Employer obligations.  Employers are required to post a notice in a conspicuous place at any workplace or job site where any employee works, as well as including the notice in employee handbooks informing employees of their rights under the Ordinance.  In addition, employers must also:

  • Provide a record of available sick leave to an employee upon his or her request;
  • Retain for three years a record of sick leave usage;
  • Keep medical information about an employee or employee’s family confidential and disclose such information only to the affected employee or with permission from the affected employee.

Employer Resources.  The Minneapolis Department of Civil Rights provides Employer Resources on its website including an Employer Checklist, FAQs, implementation rules, and the required workplace postings available in English and five other languages; as well as a section devoted to Employee Resources.

 

City of St. Paul. The St. Paul Sick and Safe Time Ordinance requires private sector employers sitused in the City of St. Paul to provide sick leave to employees who work in the City, beginning July 1, 2017.  

 

Employers employing 24 or more employees are required to provide up to 48 hours of paid sick leave beginning July 1, 2017. Employers employing 23 or fewer employees must provide up to 48 hours of paid sick leave beginning January 1, 2018.

 

Employees entitled to leave are those who work at least 80 hours per year within the geographic boundaries of the City, including temporary and part-time employees.

 

Accrual and carry-over of leave.  Sick leave begins to accrue at the date of hire or July 1, 2017, whichever is later. Employees may begin using sick leave 90 calendar days following date of hire.  Employees accrue a minimum of one hour of sick leave for every 30 hours worked up to a maximum of 48 hours in a calendar or fiscal year.  Employees may carry over accrued unused sick leave to the following year but the total may not exceed 80 hours, unless the employer agrees to a higher amount. Alternatively, employers may front-load 48 hours of sick leave following the initial 90 days of employment for use by the employee during the first year, and 80 hours of sick leave beginning each subsequent year.

 

Use of leave.  Leave can be taken for one’s own needs or for the needs of a family member for the diagnosis or treatment of a physical or mental condition including preventive care services. In addition, leave can be taken for medical or psychological services, relocation services, victim advocacy or other legal services that may be needed as a result of domestic abuse, sexual assault, or stalking.  Leave may also be taken due to closure of a place of business, school or day care due to a public health emergency or inclement weather.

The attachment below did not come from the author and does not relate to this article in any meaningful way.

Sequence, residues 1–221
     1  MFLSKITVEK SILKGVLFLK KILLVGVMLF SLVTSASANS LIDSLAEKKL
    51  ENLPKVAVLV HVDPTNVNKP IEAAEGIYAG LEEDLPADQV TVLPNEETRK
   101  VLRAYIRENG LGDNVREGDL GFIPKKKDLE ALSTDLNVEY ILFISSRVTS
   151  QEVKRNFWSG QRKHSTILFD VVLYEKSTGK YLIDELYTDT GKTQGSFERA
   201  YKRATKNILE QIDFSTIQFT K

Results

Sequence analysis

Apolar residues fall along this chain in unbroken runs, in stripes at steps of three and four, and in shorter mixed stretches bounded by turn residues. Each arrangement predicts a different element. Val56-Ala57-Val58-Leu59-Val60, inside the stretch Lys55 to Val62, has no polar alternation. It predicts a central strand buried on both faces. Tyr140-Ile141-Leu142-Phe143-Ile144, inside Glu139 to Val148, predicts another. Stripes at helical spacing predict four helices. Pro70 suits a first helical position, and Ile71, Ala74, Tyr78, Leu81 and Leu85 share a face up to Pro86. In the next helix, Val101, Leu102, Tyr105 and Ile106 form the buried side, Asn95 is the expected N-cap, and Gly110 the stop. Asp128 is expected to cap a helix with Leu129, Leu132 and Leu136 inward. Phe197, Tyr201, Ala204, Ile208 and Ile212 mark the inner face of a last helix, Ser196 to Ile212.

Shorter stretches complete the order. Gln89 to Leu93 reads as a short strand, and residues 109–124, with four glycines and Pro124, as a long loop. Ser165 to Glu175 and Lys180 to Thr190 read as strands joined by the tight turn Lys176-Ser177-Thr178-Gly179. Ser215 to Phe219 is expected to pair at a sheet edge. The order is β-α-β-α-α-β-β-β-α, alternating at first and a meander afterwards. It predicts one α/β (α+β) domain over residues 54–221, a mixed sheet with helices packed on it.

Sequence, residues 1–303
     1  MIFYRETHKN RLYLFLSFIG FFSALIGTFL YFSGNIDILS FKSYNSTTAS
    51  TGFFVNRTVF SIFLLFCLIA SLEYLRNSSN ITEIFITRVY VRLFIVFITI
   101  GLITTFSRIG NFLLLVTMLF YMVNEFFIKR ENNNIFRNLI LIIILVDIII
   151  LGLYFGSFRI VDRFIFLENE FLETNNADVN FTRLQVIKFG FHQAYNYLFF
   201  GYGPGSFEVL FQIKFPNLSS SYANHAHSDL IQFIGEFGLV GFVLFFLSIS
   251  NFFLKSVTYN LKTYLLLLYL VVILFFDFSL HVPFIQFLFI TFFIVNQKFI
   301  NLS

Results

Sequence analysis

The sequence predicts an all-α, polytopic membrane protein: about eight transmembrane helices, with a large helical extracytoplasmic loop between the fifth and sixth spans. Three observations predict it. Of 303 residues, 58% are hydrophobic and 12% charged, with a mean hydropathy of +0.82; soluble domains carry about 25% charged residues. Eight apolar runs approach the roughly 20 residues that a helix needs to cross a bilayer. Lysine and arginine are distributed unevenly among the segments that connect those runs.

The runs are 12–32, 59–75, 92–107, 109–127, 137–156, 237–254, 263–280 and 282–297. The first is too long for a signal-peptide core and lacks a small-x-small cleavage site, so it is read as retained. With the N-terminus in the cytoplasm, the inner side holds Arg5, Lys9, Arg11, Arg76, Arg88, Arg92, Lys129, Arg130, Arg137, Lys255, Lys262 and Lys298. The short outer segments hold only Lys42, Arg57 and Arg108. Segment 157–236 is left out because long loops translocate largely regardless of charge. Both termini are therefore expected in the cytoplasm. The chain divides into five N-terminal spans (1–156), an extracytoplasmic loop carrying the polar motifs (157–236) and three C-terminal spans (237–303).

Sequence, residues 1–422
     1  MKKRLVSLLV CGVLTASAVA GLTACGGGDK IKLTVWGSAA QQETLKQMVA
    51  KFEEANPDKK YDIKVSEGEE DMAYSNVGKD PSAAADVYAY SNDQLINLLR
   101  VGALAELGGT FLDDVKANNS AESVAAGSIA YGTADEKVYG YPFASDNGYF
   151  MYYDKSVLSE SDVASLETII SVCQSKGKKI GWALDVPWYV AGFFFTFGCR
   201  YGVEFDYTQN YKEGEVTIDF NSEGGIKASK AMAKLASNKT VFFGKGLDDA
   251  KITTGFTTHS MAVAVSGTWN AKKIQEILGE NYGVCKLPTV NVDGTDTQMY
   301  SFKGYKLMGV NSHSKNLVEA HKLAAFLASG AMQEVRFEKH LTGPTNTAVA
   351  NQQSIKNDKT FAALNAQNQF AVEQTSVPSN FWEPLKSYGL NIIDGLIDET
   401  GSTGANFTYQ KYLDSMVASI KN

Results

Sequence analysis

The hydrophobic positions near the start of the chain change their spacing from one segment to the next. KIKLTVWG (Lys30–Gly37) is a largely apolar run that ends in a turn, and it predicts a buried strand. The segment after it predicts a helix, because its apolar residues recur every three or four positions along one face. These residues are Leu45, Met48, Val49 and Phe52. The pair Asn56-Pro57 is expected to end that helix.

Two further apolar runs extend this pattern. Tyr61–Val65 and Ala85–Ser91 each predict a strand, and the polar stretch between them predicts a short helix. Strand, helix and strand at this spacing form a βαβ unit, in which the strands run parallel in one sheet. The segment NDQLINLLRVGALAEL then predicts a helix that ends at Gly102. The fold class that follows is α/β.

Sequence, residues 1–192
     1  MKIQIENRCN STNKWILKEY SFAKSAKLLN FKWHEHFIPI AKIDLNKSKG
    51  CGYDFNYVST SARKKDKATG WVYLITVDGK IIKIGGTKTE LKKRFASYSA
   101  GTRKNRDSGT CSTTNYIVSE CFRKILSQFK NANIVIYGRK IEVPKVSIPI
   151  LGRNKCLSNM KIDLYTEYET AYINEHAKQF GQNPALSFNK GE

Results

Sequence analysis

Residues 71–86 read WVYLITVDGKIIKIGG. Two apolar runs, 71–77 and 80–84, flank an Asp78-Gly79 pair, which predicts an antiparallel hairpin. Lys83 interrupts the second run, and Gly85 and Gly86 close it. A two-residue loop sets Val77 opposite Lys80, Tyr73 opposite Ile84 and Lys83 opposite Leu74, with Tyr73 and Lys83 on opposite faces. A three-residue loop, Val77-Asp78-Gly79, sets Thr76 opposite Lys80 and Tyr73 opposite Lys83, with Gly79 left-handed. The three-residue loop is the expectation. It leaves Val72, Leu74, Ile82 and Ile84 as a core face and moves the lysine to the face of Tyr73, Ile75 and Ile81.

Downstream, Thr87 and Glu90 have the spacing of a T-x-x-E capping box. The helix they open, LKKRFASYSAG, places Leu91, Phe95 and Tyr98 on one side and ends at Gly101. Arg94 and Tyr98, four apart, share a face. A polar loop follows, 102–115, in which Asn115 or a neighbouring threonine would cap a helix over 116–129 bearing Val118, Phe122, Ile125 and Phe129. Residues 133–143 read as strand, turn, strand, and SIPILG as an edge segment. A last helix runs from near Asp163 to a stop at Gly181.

Employee notice obligations.  Notice of an employee’s intent to take leave must be provided to the employer and include the expected duration of the absence. An employer may require an employee to comply with the employer’s usual and customary notice and procedural requirements for absences or for requesting leave.  An employer must allow an employee to use leave in the smallest amount of time tracked by the employer’s payroll system provided such increment is not more than four hours. The employer may require reasonable documentation that the leave is covered under the Ordinance for absences of more than three consecutive days.

 

Employer obligations. Employers must post a notice in a conspicuous place at any workplace or job site where any employee works, as well as include the notice in employee handbooks informing employees of their rights under the Ordinance. Employers must also:

  1. Provide a record of available sick leave to an employee upon his or her request;
  2. Retain for three years a record of sick leave usage; and
  3. Keep medical information about an employee or employee’s family confidential and disclose such information only to the affected employee or with permission from the affected employee.

Employer Resources.  The Department of Human Rights and Equal Economic Opportunity provides additional resources for employers on its webpage, including a summary of the rules,  FAQs, an Accrual and Balance tool, the required workplace posting in English and three other languages, as well as resources for employees.

 

 

 

The information contained in this article is provided as general guidance and may be affected by changes in law or regulation. This article is not intended to replace or substitute for accounting or other professional advice. Please consult a CBIZ professional. This information is provided as-is with no warranties of any kind. CBIZ shall not be liable for any damages whatsoever in connection with its use and assumes no obligation to inform the reader of any changes in laws or other factors that could affect the information contained herein.